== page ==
Issue No. 10 - October (2000 vol. 26)
DOI Bookmark: http://doi.ieeecomputersociety.org/10.1109/32.879822
<p><b>Abstract</b>—The limits to the reliability that can be claimed for a design-diverse fault-tolerant system are mainly determined by the dependence that must be expected in the failure behaviours of the different versions: claims for <it>independence</it> between version failure processes are not believable. In this note we examine a different approach, in which a simple secondary system is used as a back-up to a more complex primary. The secondary system is sufficiently simple that claims for its perfection (with respect to design faults) are possible, but there is not complete certainty about such perfection. It is shown that assessment of the reliability of the overall fault-tolerant system in this case may take advantage of claims for independence that are more plausible than those involved in design diversity.</p>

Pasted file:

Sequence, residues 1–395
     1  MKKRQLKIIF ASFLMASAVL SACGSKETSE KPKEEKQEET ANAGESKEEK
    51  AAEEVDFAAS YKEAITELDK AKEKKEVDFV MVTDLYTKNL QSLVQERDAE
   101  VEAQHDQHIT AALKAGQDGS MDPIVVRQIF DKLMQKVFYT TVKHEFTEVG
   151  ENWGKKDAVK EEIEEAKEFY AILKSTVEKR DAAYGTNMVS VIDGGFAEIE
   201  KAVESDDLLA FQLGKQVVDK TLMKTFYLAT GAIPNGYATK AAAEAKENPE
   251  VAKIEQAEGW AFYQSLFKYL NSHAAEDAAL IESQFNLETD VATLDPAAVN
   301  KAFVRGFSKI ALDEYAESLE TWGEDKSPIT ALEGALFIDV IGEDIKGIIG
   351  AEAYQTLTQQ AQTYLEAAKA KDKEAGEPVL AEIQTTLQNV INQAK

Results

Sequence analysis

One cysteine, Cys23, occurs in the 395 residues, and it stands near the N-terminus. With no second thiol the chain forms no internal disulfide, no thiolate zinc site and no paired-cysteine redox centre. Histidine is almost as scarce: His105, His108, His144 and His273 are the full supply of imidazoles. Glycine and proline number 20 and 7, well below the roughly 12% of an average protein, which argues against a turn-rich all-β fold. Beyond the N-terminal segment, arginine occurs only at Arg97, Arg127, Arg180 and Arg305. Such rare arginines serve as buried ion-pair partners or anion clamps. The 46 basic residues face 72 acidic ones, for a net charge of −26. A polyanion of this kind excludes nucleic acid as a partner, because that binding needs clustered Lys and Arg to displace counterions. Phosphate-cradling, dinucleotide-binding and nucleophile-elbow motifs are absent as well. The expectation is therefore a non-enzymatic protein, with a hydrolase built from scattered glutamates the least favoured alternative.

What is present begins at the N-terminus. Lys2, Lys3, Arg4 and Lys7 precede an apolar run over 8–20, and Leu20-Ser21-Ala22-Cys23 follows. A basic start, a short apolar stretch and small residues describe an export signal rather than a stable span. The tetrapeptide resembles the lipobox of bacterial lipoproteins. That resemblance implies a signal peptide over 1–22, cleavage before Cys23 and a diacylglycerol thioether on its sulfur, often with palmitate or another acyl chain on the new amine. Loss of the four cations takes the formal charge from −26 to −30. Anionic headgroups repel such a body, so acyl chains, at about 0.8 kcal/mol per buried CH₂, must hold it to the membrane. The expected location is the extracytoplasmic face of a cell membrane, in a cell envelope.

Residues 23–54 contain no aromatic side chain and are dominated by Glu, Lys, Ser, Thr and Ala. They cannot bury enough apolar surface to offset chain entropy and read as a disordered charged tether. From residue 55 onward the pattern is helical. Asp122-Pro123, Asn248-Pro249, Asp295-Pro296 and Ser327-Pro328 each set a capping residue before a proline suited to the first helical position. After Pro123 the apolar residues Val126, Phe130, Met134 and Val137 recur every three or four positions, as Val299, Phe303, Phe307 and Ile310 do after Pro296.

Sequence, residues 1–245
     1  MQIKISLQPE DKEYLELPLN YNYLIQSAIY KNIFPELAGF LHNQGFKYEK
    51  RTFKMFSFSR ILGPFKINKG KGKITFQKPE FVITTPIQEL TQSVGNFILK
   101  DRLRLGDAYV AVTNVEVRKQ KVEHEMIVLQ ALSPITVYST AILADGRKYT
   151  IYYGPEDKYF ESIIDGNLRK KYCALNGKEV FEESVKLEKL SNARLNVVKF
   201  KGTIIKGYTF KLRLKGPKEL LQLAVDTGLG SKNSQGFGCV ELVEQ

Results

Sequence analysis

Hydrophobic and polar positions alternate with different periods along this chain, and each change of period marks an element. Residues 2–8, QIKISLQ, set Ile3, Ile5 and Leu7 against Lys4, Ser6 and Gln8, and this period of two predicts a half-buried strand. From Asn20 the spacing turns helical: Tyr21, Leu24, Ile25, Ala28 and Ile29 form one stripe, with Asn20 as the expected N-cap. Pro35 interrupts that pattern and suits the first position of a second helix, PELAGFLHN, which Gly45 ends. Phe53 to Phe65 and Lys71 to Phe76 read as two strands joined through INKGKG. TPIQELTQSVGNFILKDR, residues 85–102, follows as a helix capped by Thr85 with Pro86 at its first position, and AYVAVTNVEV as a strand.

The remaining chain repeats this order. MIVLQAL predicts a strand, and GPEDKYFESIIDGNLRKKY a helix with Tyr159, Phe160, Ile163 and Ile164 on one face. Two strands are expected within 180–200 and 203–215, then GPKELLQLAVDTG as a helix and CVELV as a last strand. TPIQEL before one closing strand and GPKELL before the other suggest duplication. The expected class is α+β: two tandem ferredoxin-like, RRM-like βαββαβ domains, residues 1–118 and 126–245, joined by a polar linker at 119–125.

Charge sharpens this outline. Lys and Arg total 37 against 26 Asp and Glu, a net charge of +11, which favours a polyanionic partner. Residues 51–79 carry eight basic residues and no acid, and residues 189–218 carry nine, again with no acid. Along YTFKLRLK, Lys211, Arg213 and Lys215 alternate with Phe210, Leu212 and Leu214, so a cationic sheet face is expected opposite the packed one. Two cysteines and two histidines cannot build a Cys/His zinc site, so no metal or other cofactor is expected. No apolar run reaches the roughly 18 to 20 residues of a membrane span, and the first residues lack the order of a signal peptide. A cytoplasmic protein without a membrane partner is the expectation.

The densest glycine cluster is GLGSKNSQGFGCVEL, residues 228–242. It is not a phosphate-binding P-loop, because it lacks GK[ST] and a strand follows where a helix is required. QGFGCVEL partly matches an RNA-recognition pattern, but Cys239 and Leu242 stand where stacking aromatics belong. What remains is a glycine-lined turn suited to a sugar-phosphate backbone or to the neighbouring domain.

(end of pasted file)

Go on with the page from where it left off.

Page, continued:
Software fault tolerance, reliability, safety, probability, verification, proof.
B. Littlewood, "The Use of Proof in Diversity Arguments," in IEEE Transactions on Software Engineering, vol. 26, no. , pp. 1022-1023, 2000.